1. Parents may Underestimate Their Importance to the IEP TeamDespite their importance in education decision making, parents sometimes feel overwhelmed by the IEP team process. They may believe team members perceive them as:
- Less knowledgeable about teaching;
- Less important than the educators in the meeting;
- Devalued as members, especially if they are stay-home parents;
- Obstacles to the decision-making process, especially if they disagree with the educators; or
- Unrealistic in their expectations of the school.
2. Parents Provide Critical Input that Only They Can Bring
- Parents know their children better than anyone else;
- Parents have the most complete understanding of a child's physical, social, developmental, and family history;
- Parents are the only adults in the educational process who have been and will continue to be deeply involved throughout the child's school career; and
- While they may not be educators themselves, they bring their years of experience in other professions and aspects of life to the process.
3. Parents Work More Closely With Their Children Than Other Adults CanWhile kids attend school about six hours a day, they only have a few minutes of teachers' undivided attention in a class. Parents have the opportunity to sit side-by-side with them, working through homework and other learning activities for extended periods.
Parents may be the only adults who closely observe students' work and get feedback from their children. Consequently, no one else has the perspective of a parent in a meeting. Parents should strive to attend meetings to ensure participation in decision making and to provide input on all aspects of their children's programs.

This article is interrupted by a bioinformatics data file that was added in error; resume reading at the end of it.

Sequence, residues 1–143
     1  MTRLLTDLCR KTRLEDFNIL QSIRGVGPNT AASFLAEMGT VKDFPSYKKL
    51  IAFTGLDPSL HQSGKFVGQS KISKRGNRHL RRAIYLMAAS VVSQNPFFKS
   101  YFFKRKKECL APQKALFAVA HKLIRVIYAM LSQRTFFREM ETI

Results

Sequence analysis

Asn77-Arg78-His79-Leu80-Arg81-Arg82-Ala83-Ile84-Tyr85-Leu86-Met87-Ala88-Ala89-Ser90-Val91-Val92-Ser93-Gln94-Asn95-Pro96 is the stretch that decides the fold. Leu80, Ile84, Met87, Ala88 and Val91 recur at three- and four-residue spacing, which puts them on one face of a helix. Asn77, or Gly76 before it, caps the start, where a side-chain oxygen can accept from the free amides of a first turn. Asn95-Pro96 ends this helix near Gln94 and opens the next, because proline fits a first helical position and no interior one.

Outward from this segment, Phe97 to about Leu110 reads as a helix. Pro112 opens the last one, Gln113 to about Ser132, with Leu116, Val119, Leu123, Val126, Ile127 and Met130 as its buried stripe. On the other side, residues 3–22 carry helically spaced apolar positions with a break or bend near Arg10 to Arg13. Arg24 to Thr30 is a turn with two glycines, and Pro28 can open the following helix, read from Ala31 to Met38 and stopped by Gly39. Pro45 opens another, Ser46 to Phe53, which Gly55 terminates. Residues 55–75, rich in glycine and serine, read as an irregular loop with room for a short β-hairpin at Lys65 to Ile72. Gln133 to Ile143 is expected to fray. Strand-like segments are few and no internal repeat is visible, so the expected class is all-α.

4. When Parents' Rights to Participate are Limited or TerminatedIn Rare Instances, Parents Cannot Participate in IEP Team Decisions. Parents' rights can be limited or terminated when:
- A judge terminates parent rights. This is rare, usually resulting from charges of abuse, gross negligence, or mental incompetence;
- A divorce awards educational decision making rights to the other parent;
- The child is 18. The parent must have the child's consent to be involved; or
- The adult child marries. The parent would need the child's written consent to continue to participate in the child's education.
5. The Role of the Parent on the TeamParents are vital to the IEP team process. They provide:
- Information on the child's strengths and weaknesses at home;
- Background information on the child's history and development;
- Information on any family factors that may affect the child's learning;
- Commentary on whether current strategies and instruction are helping the child learn;
- Suggestions for change and improvement based on their knowledge of the child; and
- Parents chart the future for their children with every step they take.